By Jorge Gomez, Op-ed contributor, Christian Post (November 10, 2022), originally published at First Liberty
The label “Christian nationalist” is appearing more frequently and is being used to silence people of faith, according to experts.
Dr. Mark David Hall, an author and professor at George Fox University, recently discussed the history behind the term. He argues that the political Left started using it well over a decade ago “to label Christians who bring their faith into the public square for ends they don’t like.”
National security and intelligence expert Dr. Stephen Coughlin similarly argues the label is part of a politically driven effort to suppress religious opinions that defy modern orthodoxy and Leftist ideology:
“What they did was they created a faux term ‘Christian nationalism,’ and they gave it all these negative attributes and then used that to attack Christians. It’s part of what you call an ‘intersectional line of attack’ in a political warfare model, which is the Maoist insurgency model, which we believe is the premier principal form of Marxism.”
Former congresswoman and current dean of the Regent University School of Government, Michele Bachmann, contends the surge in use is no coincidence, especially so close to a midterm election. She explains:
“It’s all about holding on to power. That’s what it’s about. There’s only one party in power now in the United States, in Washington, D.C. They don’t want to let it go … And what they have seen is the power of the Church, the epicenter of power in the United States. Opposing their agenda is the Church and the principles of the Bible. They don’t like pastors preaching on issues. They don’t like congregants being inspired from the Bible. And so that’s why we’re the target. They want to silence us.”
What exactly does “Christian nationalism” mean? There is no settled definition, but broadly speaking, radicals use “Christian nationalism” to conflate racism, white supremacy and identity, religion, and patriotism. They often add in fascism, theocracy, and authoritarianism.
An attack on religious liberty and America’s founding values
The use of the “Christian nationalist” label contradicts the principles and values of our country. Its perpetual misuse is especially harmful to religious liberty.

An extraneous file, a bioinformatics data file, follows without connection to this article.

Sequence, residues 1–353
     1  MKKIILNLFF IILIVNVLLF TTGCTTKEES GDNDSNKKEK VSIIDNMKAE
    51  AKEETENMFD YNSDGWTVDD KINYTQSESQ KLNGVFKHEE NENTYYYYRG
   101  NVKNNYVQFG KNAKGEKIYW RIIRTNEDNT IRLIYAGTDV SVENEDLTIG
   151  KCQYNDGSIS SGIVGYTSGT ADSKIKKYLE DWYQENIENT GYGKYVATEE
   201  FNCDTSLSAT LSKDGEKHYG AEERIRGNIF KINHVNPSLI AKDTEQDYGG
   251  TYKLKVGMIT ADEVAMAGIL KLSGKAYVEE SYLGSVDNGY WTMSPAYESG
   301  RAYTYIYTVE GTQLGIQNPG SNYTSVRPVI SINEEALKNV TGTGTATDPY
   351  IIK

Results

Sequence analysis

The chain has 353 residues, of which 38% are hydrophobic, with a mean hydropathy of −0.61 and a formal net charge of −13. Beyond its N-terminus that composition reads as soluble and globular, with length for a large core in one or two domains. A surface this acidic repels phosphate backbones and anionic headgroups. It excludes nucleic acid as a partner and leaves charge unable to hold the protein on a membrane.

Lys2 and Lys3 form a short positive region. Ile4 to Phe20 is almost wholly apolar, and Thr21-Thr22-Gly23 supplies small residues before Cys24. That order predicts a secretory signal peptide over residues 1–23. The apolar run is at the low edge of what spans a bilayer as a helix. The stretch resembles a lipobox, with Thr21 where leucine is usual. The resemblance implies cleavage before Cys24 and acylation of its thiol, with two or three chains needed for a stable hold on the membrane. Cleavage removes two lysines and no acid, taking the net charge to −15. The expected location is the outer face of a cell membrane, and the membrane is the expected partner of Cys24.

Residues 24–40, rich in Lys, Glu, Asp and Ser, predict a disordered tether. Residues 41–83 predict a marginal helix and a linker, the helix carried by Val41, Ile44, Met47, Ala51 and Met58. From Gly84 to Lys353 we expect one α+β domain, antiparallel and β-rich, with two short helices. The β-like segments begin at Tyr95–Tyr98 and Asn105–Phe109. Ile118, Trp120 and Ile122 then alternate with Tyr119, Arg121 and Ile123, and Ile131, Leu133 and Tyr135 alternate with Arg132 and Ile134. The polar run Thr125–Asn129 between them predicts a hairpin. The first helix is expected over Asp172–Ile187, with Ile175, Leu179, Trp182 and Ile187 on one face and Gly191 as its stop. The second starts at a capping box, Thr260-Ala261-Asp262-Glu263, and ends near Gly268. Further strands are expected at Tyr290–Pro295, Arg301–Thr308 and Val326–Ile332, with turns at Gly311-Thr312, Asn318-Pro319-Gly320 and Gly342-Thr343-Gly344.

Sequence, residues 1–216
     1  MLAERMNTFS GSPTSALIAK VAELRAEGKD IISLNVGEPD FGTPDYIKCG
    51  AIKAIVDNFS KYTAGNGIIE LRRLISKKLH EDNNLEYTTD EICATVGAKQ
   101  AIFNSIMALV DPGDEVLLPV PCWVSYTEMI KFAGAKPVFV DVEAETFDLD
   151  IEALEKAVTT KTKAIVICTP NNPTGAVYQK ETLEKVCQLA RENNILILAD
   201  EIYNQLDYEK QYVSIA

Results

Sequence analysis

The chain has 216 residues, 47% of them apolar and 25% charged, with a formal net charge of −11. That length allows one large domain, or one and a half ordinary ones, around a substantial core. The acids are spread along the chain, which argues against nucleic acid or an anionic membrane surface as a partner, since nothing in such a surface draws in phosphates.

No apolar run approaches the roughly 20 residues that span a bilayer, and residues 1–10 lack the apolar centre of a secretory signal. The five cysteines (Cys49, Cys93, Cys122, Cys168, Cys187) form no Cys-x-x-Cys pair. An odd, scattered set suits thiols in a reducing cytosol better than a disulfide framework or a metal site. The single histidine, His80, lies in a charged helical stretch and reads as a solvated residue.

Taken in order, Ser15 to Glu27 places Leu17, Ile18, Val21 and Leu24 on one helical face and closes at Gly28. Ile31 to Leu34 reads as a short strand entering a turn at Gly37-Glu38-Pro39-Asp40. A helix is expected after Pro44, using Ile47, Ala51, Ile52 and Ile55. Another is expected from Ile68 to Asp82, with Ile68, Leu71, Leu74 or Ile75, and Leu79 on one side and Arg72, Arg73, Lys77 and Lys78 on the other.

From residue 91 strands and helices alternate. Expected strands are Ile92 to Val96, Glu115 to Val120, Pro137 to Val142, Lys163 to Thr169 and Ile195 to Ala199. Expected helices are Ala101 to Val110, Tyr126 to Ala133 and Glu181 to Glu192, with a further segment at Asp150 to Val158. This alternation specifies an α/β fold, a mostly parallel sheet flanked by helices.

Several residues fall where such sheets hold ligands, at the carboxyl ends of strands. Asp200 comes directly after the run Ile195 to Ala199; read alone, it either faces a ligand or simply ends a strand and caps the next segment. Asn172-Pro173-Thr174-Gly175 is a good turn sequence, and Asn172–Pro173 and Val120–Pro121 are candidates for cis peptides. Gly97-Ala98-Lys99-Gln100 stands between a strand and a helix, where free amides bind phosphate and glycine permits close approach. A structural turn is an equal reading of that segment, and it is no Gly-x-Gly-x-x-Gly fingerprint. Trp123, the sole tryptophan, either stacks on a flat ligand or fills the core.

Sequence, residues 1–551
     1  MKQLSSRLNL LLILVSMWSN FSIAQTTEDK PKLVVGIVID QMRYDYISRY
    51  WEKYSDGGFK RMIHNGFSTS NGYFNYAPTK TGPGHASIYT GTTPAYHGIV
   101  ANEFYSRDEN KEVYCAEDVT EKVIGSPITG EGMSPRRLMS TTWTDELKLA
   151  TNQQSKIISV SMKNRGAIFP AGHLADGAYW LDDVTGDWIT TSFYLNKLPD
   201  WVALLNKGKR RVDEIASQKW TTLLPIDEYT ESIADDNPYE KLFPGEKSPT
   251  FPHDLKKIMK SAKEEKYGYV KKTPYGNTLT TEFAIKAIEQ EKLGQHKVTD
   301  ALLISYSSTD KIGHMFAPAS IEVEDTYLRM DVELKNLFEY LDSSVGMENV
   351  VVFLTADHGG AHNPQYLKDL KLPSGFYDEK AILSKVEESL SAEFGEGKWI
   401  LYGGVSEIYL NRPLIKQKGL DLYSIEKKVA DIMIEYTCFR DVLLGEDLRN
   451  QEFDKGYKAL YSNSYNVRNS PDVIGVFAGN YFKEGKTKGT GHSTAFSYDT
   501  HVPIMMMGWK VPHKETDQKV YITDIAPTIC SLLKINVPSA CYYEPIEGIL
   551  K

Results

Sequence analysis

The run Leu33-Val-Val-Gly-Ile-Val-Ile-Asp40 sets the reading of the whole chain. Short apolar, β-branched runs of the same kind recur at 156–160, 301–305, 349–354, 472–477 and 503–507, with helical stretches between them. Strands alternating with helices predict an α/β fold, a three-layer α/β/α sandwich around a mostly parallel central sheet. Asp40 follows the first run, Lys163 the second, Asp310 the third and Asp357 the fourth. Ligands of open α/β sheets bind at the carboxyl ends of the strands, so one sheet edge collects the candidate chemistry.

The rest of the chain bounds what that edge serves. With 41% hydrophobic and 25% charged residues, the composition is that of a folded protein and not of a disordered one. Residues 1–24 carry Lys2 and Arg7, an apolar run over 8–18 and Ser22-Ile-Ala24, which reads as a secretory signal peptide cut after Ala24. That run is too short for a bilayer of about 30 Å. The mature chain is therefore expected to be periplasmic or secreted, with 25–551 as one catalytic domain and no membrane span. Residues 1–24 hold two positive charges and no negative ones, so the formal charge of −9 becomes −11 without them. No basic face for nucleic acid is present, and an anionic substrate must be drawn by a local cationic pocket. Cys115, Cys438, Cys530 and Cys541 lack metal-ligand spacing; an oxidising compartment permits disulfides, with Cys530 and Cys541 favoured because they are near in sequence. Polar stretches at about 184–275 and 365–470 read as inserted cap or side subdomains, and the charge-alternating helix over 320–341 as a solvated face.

Among the many problems is how it demonizes public prayer and virtually any other commonplace religious activity. Whether a political leader or an everyday person, anytime there is a public expression of faith, the term is leveled against them as wanting to establish a Christian theocracy.
In other words, if a citizen exercises their constitutionally protected and inalienable right to religious freedom, that person runs the risk of being labeled a “Christian nationalist.” And once you carry that label, it essentially means you’re a pariah, someone who should be vilified and not allowed to participate in the marketplace or society.
This, of course, is nothing new. As Dr. Coughlin explained, this is a tactic straight out of the Marxist playbook. Whenever a political force wants to wield power and authority, religious people and religious liberty are the first ones on the target list.
Radicals and dictators know fully well that houses of worship and people of faith are the ultimate check on authoritarian power. Their allegiance is not to the government. A free people know their loyalty is to God above all, the true provider and source of our freedoms. If a tyrant succeeds at destroying religious freedom and religious institutions, they can remove the most effective challenge to their rule.